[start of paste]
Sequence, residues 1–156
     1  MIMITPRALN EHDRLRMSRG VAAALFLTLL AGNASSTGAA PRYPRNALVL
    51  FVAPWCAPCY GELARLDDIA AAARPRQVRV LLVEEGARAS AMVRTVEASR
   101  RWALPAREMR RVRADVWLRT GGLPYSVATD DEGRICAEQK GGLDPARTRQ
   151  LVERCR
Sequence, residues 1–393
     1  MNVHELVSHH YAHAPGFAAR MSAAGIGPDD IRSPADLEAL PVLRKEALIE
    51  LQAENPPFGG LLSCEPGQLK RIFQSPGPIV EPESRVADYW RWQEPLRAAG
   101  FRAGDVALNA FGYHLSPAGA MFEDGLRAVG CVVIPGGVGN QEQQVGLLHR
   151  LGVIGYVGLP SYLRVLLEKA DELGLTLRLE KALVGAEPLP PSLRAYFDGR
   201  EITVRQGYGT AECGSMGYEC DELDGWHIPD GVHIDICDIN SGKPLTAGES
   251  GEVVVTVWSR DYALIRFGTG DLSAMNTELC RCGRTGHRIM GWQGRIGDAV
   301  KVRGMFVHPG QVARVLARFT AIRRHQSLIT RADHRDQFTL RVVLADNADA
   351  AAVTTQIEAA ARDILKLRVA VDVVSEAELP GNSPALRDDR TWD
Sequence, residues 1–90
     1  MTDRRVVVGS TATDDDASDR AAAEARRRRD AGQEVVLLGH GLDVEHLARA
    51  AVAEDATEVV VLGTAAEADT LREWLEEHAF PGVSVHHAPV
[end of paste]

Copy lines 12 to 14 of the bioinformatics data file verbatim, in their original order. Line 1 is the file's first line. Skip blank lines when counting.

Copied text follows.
   251  GEVVVTVWSR DYALIRFGTG DLSAMNTELC RCGRTGHRIM GWQGRIGDAV
   301  KVRGMFVHPG QVARVLARFT AIRRHQSLIT RADHRDQFTL RVVLADNADA
   351  AAVTTQIEAA ARDILKLRVA VDVVSEAELP GNSPALRDDR TWD